ARB Requires Lower Emissions from In-Use Big-Rig Trucks
For immediate release
SACRAMENTO – The California Air Resources Board (ARB) today approved a plan to accelerate upgrades of emission control software that reduce excess smog and particulate-forming nitrogen oxide (NOx) emissions from most heavy-duty diesel trucks, buses and recreational vehicles (RVs) built between 1993 and 1999.
ARB Chairman Dr. Alan Lloyd said, "These trucks have been emitting unnecessarily high emissions for too long, and neither hard working California truckers nor the rest of our citizens deserve to be exposed to this pollution any longer. There are steps that can be taken now to reduce this pollution, and the plan we adopted today will do just that."
The unique rulemaking stems from a 1998 legal settlement between the ARB, the U.S. Environmental Protection Agency (USEPA) and the nation's six biggest diesel manufacturers: Caterpillar, Cummins, Detroit Diesel, Mack/Renault, Navistar and Volvo. ARB and USEPA showed that those manufacturers used defeat devices, software that caused high emissions under certain modes of operation. One provision of the settlement required engine manufacturers to develop low emission software that could be installed to reduce the emissions of these trucks. The new software has no effect on a vehicle's operation.
The ARB's new plan will result in low emission software installed much sooner than is occurring under the legal settlement. Engine manufacturers agree to pay for the software and its installation any time a truck visits a dealership. The goal of the voluntary plan is to increase the percentage of California vehicles using low emission software from the current level of 10 percent to 35 percent by November 2004, 60 percent by June 2005, 80 percent by February 2006 and 100 percent by 2008. If those targets are not met, the ARB will implement a regulation requiring the upgrades.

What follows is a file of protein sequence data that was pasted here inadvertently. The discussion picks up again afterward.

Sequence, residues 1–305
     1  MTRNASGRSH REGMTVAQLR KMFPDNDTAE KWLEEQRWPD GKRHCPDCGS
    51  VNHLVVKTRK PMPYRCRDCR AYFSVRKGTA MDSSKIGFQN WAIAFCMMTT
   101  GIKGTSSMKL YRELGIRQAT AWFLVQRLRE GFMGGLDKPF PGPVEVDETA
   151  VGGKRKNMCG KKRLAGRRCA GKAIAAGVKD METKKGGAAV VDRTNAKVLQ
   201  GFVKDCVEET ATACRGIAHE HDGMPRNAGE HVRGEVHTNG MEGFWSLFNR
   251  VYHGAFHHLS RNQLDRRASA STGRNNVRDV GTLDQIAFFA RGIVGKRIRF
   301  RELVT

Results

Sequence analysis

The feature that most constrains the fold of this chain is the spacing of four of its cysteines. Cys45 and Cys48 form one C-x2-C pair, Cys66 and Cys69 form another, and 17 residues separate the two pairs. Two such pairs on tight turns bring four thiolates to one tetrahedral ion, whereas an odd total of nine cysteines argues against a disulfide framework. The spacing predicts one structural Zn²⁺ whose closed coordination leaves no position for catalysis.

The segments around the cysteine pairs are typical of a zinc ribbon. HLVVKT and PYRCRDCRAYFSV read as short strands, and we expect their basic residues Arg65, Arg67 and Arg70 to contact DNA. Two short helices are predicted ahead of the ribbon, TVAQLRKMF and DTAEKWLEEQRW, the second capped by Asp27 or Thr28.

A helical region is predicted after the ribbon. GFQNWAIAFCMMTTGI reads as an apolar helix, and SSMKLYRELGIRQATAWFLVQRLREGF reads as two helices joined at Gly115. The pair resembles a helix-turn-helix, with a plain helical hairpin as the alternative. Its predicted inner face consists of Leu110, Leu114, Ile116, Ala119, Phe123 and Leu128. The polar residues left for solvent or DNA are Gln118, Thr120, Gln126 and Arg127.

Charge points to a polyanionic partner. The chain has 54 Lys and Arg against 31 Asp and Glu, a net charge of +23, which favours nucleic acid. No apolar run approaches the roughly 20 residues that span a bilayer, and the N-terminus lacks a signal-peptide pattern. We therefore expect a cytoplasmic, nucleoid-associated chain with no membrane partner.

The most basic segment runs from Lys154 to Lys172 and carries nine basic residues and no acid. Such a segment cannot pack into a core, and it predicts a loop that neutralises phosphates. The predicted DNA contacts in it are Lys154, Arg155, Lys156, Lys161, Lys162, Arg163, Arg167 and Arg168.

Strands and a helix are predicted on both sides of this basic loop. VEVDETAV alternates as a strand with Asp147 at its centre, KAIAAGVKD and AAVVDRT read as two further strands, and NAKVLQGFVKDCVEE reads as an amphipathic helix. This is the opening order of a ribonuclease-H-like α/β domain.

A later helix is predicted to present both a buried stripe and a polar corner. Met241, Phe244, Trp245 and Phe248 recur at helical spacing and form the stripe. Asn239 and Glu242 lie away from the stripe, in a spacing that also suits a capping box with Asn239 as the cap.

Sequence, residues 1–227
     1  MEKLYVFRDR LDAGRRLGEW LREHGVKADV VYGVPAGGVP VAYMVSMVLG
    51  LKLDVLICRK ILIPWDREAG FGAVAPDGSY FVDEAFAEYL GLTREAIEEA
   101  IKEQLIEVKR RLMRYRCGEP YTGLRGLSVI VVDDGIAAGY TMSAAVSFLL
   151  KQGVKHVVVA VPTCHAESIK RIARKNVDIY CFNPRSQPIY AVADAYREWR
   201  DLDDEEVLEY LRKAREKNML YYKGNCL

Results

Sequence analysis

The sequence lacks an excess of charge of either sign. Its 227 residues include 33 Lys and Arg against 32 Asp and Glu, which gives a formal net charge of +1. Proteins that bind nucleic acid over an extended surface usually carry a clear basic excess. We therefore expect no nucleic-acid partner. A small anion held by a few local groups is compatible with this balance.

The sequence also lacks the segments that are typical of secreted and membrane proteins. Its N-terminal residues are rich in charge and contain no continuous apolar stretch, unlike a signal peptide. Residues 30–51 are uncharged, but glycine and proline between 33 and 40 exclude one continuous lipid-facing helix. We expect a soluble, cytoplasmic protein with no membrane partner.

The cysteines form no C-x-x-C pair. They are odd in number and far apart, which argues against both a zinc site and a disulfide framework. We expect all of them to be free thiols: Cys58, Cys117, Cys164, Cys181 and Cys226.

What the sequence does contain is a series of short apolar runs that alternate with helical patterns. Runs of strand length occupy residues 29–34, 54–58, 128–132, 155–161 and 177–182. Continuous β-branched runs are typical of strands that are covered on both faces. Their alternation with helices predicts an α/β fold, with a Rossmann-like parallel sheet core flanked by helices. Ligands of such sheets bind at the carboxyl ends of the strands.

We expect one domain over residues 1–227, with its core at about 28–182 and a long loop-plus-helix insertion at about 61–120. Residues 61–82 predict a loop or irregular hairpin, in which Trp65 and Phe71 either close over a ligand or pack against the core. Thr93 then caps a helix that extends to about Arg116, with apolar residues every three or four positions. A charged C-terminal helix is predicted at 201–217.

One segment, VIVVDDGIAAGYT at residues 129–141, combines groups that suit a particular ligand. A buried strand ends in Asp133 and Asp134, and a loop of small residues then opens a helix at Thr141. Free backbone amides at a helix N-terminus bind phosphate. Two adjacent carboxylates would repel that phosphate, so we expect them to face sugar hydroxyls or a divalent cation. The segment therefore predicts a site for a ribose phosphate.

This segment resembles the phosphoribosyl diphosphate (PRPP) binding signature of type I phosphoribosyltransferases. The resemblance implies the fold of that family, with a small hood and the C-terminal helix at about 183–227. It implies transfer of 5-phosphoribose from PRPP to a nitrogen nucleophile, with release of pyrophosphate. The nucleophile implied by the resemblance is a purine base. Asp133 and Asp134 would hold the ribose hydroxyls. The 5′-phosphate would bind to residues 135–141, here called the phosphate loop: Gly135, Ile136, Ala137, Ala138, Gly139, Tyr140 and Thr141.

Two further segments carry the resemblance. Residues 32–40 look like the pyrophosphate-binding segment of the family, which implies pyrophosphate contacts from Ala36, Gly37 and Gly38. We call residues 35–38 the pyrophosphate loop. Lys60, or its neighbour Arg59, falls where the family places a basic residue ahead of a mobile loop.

As part of the 1998 settlement, manufacturers agreed to upgrade the computer software when vehicles were brought into repair shops for rebuilding, presumably between 300,000 and 400,000 miles. Many of those vehicles have now been operating for more than 700,000 miles without rebuilding and therefore are exposing the public to many times their intended pollution output.
According to ARB data, more than 60,000 heavy-duty vehicles still operating with defeat devices are licensed in California, with another 300,000 to 400,000 vehicles from other states operating part-time in California each year. Those data also show that less than 10 percent of all eligible vehicles have been upgraded since 1998. Combined, those vehicles emit more than 30 tons of excess NOx daily, the pollution equivalent of over one million cars.
"This plan will quickly reduce nitrogen oxide emissions from heavy-duty diesel trucks and buses by accelerating the use of effective emission control software. Control of these emissions is essential if we are going to continue to reduce ozone and particulate concentrations in California's air," Lloyd added.